Story and photography by Lori Ross
An iced cocktail, a chilled white wine or a frosty beer is always a welcome treat at the dock or on the hook, but most of the time, and especially while underway, we prefer drinks without alcohol. As I get older, I seem to feel the effects of alcohol more readily and too much imbibing just makes me feel too sleepy to do anything but take a nap.
However, because I enjoy the range and layers of tastes offered by wines, beers and various hard liquors, I am often bored by the flavor of soft drinks – most sodas and juices are, to my palate, cloying and too sweet. Though I enjoy the range of fragrance and tastes in various teas and coffees, I find that too much of either one irritates my stomach. Still and sparkling waters with citrus are nice as are some diet soda and juices cut with a little soda water or tonic, but they can’t match the intensity, complexity and tanginess of many alcoholic drinks. Thus, I have, for the last several years embarked on a crusade to find the holy grail of soft drinks – exciting, delicious beverages that rival their alcoholic brethren in complexity and taste without the addition of liquor.
My first step began, in earnest, when I tasted some tangy soft drinks in Thai, Vietnamese and Indian restaurants. They were exotic, subtle and refreshing – perfectly complementing the flavorful combinations characteristic of these cuisines. I explored what kinds of beverages other cuisines serve -- piquant Mexican, South and Central American dishes, Mediterranean, African and Middle Eastern fare and East Indian, Malaysian and other classic cuisines of the world – Chinese, Japanese French, Italian and Japanese. Using spices, herbs, fruits, vegetables in interesting combinations, I discovered a wide range of easy to make, mouth-watering cold drinks that I’d like to share with you.
Serve beverages in attractive pitchers and pretty glasses with colorful garnishes or use decorative or flavored ice cubes to intensify drinks. For decorative ice cubes…fill an ice cube trays with water and one of the following in each cube: maraschino cherry, tiny wedge of citrus, small chunk of pineapple or mango, whole raspberry or blackberry, or citrus peel.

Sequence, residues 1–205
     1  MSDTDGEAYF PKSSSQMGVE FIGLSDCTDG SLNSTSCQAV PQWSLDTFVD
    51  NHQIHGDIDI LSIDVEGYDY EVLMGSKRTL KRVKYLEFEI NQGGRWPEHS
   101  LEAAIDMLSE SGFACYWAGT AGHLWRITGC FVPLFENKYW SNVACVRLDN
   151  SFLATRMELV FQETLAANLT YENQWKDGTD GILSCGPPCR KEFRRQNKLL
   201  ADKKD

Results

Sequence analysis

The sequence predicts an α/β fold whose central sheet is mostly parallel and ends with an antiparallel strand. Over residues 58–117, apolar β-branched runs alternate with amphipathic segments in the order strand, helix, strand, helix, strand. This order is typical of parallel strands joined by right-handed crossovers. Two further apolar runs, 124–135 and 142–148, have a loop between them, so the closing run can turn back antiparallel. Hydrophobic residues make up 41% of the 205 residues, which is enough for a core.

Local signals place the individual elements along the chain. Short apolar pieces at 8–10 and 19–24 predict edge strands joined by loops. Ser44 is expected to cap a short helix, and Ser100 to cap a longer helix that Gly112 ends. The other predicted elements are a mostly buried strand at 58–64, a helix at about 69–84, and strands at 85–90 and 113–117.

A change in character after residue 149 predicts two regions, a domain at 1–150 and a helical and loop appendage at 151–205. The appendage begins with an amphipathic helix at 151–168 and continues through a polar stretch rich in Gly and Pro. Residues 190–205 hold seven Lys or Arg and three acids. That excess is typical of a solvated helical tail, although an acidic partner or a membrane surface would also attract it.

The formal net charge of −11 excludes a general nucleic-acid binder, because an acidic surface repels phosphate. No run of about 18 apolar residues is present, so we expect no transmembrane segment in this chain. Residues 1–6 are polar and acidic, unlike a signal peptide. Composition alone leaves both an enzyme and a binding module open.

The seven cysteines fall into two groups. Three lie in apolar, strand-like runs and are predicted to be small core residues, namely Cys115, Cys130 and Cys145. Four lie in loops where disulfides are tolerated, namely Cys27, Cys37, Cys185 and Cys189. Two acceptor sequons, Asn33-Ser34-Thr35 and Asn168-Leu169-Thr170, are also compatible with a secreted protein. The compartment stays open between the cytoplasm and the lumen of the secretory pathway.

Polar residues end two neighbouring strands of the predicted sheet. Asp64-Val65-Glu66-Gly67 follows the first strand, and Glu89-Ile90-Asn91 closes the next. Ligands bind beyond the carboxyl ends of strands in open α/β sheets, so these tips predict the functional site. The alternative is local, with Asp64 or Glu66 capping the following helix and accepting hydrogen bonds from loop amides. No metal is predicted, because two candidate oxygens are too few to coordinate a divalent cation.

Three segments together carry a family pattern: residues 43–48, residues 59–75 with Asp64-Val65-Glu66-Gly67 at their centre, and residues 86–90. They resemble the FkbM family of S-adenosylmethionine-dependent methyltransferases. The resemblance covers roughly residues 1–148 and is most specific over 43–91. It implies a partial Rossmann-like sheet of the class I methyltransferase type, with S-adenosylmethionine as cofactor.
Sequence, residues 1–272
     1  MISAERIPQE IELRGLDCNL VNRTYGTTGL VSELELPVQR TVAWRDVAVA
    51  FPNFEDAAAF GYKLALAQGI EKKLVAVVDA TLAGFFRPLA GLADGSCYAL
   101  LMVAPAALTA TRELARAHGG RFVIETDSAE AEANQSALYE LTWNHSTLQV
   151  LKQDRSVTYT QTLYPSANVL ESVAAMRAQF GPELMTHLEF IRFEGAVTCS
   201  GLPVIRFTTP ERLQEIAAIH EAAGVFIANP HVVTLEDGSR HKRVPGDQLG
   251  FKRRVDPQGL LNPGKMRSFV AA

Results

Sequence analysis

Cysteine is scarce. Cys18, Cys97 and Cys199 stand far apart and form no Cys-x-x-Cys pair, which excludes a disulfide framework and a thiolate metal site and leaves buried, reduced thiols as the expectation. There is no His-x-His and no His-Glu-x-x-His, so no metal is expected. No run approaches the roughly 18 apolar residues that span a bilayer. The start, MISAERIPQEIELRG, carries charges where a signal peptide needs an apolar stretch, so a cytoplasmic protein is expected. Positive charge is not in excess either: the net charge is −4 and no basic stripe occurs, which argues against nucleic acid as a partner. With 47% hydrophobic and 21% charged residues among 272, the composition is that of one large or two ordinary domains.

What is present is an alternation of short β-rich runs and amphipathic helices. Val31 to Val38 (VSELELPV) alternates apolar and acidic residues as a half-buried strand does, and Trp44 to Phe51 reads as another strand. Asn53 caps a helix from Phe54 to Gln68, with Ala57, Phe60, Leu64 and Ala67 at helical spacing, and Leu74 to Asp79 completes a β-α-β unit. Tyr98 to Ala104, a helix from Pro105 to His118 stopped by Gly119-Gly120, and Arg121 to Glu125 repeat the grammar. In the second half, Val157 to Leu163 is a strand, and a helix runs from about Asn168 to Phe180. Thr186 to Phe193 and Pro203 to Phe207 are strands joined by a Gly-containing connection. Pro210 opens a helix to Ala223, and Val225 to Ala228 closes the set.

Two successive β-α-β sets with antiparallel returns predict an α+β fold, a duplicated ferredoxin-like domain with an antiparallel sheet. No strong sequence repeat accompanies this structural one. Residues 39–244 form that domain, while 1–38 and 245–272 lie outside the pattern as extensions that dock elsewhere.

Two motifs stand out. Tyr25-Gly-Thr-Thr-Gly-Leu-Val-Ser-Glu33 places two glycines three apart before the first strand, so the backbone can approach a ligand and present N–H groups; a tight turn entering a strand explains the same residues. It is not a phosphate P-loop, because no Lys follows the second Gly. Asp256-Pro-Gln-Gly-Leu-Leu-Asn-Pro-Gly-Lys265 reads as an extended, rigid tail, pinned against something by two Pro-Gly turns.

Where some of these drinks require unusual ingredients such as tamarind, lemon grass or kaffir lime leaves, I offer variations or directed you to web sites to order these products inexpensively This search opened the door to some new flavors that I hope your will enjoy. All recipes serve 3-4 people.
THE WATERS OF LIFE
Still and sparkling water with lemon or lime are refreshing but somewhat ordinary, so I started my search to find new and provocative ways to serve classic waters.
Refreshing Cold Waters:
A standby of spas, cucumber water has a gentle, restorative effect, mild flavor and a provocative scent.
1 fresh cucumber washed and unpeeled (seeded optional)
8 cups water
Use a vegetable peeler to slice a dozen or so very thin ribbons of cucumber and add to a pitcher of fresh water. Chill for several hours in the refrigerator. Pour a glass, garnish with a piece of cucumber, lemon or lime and be transported to a cool green garden on a hot day.
Native to Mexico, cooling fruit waters contrast perfectly with the hot, spicy chile- based cuisine. T he principle is to extract the maximum flavor from the fruit, strain the juice from the solids and add water to dilute the intense flavor, resulting in a cool, slightly sweet counterpoint to spicy foods. Instead of melon, you could use strawberries, pineapple, or mango -- any fruit that is soft enough to puree. If you prefer the texture of a smoothie, you can whip this up in a food processor or blender without diluting for a thicker drink or make it a “frozen” drink in a blender with chopped ice for a light dessert. Feel free to experiment with other sweet fruits, fresh, frozen or canned.
Melon aqua fresca
1 large cantaloupe, seeded and diced (about 4 cups)
1 1/2 cups water
2 to 4 tbsps sugar or honey
2 to 3 limes, juiced
Puree melon in a blender or food processor with ¼ to ½ cup water and pour the thick juice through a fine sieve to eliminate pulp. In a pitcher, mix strained fruit juice with water and season with sugar and lime juice, to taste. Pour into tall icy glasses and garnish with a slice of lime on the rim.
This is a great way to use the remnants of a fresh whole pineapple after you’ve eaten the fruit.
8 cups water
1 fresh pineapple
3 quarter-sized slices of fresh ginger
Scrub pineapple skin, then trim pineapple and put fruit aside for another use. Place ONLY skin and core in a large jar with water and sliced ginger. Cover and refrigerate or keep in cool place overnight. Strain and serve over ice with fresh pineapple slice as garnish on the glass.